An image is worth a thousand words – how about hundreds or thousands of images? Recent developments in computational imaging and image detection have revolutionized the way we compile images and extract information from them. Ptychography and Fourier ptychography are special computational imaging techniques that use many diffraction data and images to retrieve both amplitude and phase information on objects. The knowledge of amplitude and phase enables the synthesis of high resolution images from pure diffraction data (lensless imaging) or from many low resolution images.The word ptychography was derived from the Greek words ptyché (πτυχή=fold) and gráphein (γράϕειν=to write). Ptychography computes the phase from multiple diffraction patterns, which are obtained from a transversal scan of the sample with a focused coherent beam while adjacent probe spots overlap significantly in the sample plane. In Fourier ptychography the sample is illuminated from different directions, corresponding to the transversal scan of the sample’s Fourier spectrum. Both techniques employ iterative algorithms to de-convolve (or unfold) the phase information from redundant datasets of overlapping spatial areas or spatial frequency areas, respectively.Originally invented by Walter Hoppe in 1969, ptychography has been developed to be a powerful technique for phase retrieval over the past 50 years.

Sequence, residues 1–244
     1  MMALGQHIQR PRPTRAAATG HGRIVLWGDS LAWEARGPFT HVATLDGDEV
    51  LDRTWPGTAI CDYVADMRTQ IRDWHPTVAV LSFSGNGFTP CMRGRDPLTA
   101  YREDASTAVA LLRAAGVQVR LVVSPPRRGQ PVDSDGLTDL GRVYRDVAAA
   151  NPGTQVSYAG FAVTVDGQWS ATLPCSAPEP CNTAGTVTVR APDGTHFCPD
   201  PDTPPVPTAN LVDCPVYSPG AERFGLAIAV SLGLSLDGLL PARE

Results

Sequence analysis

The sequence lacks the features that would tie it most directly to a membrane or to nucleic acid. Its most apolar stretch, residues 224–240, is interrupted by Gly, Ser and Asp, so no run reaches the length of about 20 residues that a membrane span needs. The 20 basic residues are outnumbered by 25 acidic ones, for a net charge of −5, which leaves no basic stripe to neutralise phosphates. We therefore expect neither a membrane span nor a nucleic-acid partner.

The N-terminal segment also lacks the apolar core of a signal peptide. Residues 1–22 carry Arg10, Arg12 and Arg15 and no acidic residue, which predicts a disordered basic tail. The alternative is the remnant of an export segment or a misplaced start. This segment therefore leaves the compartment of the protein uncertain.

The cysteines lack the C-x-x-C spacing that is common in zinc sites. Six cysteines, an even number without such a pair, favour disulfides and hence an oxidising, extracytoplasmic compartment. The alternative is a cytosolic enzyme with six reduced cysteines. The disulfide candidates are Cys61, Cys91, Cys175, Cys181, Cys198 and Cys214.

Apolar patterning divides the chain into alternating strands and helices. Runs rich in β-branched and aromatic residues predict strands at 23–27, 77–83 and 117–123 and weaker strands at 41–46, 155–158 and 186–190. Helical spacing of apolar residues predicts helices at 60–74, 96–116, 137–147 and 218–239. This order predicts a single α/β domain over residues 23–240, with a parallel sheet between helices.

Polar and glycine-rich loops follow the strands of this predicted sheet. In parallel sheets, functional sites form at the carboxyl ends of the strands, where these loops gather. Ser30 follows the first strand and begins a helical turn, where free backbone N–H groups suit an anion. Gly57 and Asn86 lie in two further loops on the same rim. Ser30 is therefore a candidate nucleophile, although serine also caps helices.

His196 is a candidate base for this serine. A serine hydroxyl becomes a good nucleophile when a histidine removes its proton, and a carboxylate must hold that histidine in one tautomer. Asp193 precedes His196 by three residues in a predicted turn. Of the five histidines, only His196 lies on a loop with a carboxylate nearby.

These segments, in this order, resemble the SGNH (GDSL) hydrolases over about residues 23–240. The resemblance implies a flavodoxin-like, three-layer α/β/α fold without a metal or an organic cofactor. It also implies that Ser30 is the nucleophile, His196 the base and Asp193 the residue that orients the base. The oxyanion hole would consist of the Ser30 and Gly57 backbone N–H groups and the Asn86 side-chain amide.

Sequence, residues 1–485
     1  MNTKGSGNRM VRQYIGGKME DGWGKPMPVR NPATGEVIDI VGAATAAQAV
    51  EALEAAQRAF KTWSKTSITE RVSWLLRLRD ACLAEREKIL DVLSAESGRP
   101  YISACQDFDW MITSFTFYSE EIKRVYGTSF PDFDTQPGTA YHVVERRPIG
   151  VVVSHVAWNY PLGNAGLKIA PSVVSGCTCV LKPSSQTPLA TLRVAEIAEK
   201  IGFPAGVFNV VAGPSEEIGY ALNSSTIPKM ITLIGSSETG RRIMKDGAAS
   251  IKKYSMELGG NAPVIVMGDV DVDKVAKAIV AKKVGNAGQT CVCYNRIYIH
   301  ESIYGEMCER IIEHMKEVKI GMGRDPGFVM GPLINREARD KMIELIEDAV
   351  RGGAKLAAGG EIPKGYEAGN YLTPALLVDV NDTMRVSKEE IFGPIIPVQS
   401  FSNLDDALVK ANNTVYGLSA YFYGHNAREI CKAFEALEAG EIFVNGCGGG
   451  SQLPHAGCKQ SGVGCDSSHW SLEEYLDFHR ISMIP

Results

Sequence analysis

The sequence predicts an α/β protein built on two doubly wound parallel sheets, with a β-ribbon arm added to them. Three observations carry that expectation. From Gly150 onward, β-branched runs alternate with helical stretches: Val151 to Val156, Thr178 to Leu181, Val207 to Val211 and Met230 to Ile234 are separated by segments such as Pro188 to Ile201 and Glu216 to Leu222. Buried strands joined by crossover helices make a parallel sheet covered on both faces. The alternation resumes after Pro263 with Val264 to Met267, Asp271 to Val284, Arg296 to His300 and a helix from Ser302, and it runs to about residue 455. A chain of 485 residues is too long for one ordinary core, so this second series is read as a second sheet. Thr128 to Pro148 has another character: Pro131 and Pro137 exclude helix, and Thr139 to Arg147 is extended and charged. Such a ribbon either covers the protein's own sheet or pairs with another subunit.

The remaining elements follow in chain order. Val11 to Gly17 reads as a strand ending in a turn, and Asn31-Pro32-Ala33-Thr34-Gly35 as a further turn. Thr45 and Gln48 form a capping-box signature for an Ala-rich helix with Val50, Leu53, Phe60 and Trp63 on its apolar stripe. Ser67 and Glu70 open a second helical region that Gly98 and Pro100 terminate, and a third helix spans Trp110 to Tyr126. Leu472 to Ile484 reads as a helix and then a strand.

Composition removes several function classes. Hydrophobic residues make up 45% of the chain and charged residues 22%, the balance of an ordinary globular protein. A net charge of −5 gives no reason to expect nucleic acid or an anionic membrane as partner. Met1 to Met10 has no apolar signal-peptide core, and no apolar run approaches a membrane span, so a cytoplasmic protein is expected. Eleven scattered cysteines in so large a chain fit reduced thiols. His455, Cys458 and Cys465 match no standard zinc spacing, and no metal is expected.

Advanced Optical Technologies – de Gruyter
Published: Dec 20, 2017